• If wound is “just right”: use a moisture-retentive dressing1,2,22,23 (i.e., film, hydrocolloid, clear acrylic, light foam, hydrophilic wound paste)

Bacterial balance

  • Bacterial balance (bioburden) is crucial for wound healing.1,2,4,15,16,18-20
  • Management of bioburden needs to address1,2,4,15,16,18-20:
    • Optimizing the host response
    • Reducing the levels of micro-organisms in the wound
    • Optimizing the wound environment

Treatment1,2,4,15,16,18-20

  •  Optimize Residents' Healing Factors
    • Optimize management of co-morbidities.
    • Optimize nutrition and hydration status.
    • Minimize or eliminate risk factors for infection when possible.
    • Optimize wound environment.
    • Treat systemic symptoms (i.e., pain, fever)
  • Contamination and Colonization
    • Implementation of universal precautions (i.e., good hand hygiene and use of appropriate personal protective equipment)
    • Aseptic dressing technique
    • Wound cleansing with every dressing change
    • Monitoring for wound infection (i.e., changes to size, pain scale, wound bed, etc.)
  • Local Infection
    • Same as above, as well as:
      • Notify MD or NP
      • Removal of non-viable tissue by debridement (i.e., sharp, autolytic, enzymatic)
      • Topical antimicrobials (i.e., silver, PHMB, iodine, gentian violet and methylene blue, medical grade honey)
      • Manage exudate from wound (i.e., use of absorptive dressing)
      • Monitor for spreading infection and systemic infection
  • Spreading Infection and systemic infection:
    • Same as above, as well as:
      • Appropriate antibiotic treatment
      • Monitor for S&S of systemic infection (i.e., lethargy or general malaise, fever or chills, changes in cognition or behaviour, change in glucose levels (for clients with DM), elevated heart rate and respiration)

Local wound care: healing wound1-5,15

  • Cleanse wound with every dressing change
    • Normal saline or antiseptic solution can be used.
    • Use adequate force with cleansing.
  • Debridement of non-viable tissue1-5,15,19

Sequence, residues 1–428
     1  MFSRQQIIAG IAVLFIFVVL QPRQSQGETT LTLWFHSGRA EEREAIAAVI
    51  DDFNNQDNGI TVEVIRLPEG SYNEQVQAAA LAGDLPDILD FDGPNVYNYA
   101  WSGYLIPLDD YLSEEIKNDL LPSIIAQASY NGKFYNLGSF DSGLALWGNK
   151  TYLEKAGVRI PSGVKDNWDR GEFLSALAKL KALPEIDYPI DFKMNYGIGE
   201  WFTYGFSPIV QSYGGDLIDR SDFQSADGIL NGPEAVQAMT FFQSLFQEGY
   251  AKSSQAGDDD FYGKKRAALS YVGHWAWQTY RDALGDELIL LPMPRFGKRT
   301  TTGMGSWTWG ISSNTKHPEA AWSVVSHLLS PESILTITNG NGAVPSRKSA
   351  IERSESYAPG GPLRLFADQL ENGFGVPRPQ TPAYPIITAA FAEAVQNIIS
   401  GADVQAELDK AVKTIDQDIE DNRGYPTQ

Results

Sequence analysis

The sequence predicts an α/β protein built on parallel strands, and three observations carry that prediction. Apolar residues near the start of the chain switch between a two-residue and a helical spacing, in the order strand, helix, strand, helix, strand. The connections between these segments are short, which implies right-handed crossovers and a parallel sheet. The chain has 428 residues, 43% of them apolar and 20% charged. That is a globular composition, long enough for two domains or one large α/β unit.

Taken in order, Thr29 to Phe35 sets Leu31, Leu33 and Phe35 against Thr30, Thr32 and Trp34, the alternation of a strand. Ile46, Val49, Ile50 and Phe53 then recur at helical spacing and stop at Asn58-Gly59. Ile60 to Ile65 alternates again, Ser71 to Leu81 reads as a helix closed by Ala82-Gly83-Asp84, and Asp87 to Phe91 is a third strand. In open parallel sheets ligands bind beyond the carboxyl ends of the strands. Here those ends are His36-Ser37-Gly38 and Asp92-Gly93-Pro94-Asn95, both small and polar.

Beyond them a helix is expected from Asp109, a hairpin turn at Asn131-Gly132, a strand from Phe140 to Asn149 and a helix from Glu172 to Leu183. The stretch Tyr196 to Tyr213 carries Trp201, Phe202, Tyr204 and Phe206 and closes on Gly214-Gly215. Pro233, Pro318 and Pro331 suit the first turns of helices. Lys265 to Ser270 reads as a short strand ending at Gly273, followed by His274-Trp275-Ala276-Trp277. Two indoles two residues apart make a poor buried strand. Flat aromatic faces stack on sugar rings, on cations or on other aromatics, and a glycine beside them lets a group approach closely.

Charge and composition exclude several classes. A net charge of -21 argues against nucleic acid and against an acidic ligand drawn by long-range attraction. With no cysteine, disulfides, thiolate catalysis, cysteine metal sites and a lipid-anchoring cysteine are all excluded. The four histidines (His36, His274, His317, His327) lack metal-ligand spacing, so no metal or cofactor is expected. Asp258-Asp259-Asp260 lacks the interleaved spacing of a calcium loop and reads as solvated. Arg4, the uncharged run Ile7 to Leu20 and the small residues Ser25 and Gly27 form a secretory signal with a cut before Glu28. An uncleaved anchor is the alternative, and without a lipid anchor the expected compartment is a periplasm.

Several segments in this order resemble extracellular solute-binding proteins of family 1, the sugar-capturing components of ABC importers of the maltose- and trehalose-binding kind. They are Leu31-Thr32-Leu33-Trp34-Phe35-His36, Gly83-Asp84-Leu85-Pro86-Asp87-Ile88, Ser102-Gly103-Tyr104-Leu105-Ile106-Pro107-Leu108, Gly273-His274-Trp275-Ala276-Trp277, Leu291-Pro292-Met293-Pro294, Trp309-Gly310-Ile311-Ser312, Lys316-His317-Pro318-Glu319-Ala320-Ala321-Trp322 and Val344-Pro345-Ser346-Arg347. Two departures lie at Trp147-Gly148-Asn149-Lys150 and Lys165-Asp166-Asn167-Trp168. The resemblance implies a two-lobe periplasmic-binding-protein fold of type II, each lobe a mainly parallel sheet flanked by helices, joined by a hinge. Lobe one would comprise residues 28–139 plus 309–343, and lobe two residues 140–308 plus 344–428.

• Managing moisture1-5,15,22,23 - “not too wet, not too dry, just the moisture of your eye”
    • Select dressing to support optimal moisture balance:
      • Too dry: add moisture (hydrogel)
      • Just right: moisture retentive dressing (film, hydrocolloid, light foam)
      • Too wet: absorptive dressing (foam, hydrofiber, composite, alginate)
  • Manage infection (bioburden)1-5,15,18
    • Monitor for signs and symptoms of infection.
    • Remove non-viable tissue.
    • Use appropriate topical antimicrobials.
    • Use appropriate systemic antibiotic.

Local wound care: non-healable or non-healing wound1-5,15

  • If dry, stable eschar is present, do not remove; keep dry and intact. Paint with antiseptic (i.e., SoluPrep™, Betadine®).
  • Manage moisture:
    • Keep dry; use absorptive wound dressing to manage exudate.
    • Do not add moisture unless it is for pain-relieving measures.
  • Manage and prevent infection:
    • Monitor for signs and symptoms of infection.
    • Use topical antimicrobials.
    • Use conservative debridement to decrease risk of infection.

Wounds Canada's Wound Prevention and Management Cycle

Recommendations for Wound Prevention and Management

Wounds Canada’s Wound Prevention and Management Cycle outlines a process that supports patient-centered care. It guides clinicians through a logical and systematic approach for developing an individualized care plan.

1. Orsted HL, Keast DH, Forest-Lelande L, Kuhnke JL, O’Sullivan-Drombolis D, Jin S, et al. Best practice recommendations for the prevention and management of wounds. In: Foundations of Best Practice for Skin and Wound Management. A supplement of Wound Care Canada; 2017 [cited 2018 Jan 23]. 73p. Available from: https://www.woundscanada.ca/health-care-professional/education-health-care-professional/advanced-education/12-healthcare-professional/110-supplements.

2. British Columbia Provincial Nursing Skin and Wound Committee. (2018). Guideline: wound management for adults & children. [cited 2018 Nov 7]. Available from: https://www.clwk.ca/buddydrive/file/guideline-wound-management-2018-august/

3. Van Rijswijk L, & Eisenberg M. (2010). Wound assessment and documentation. In: Krasner DL, Rodeheaver GT, Sibbald G, Woo K (Ed.), Chronic Wound Care: A Clinical Source Book for Health Care Professionals (5th ed.). pp. 99-116. Malvern PA: HMP Communications

4. Sibbald G, et al. (2011). Special considerations in wound bed preparation 2011: An update. Advances in Skin and Wound Care, 24(9), 415-436

5. Sussman C. (2012). Assessment of the patient, skin and wound. In: C. Sussman and B.M. Bates-Jensen (Ed.), Wound Care - A Collaborative Practice Manual for Health Professionals (4th ed.). pp. 53-109. Philadelphia, PA: Lippincott, Williams & Wilkins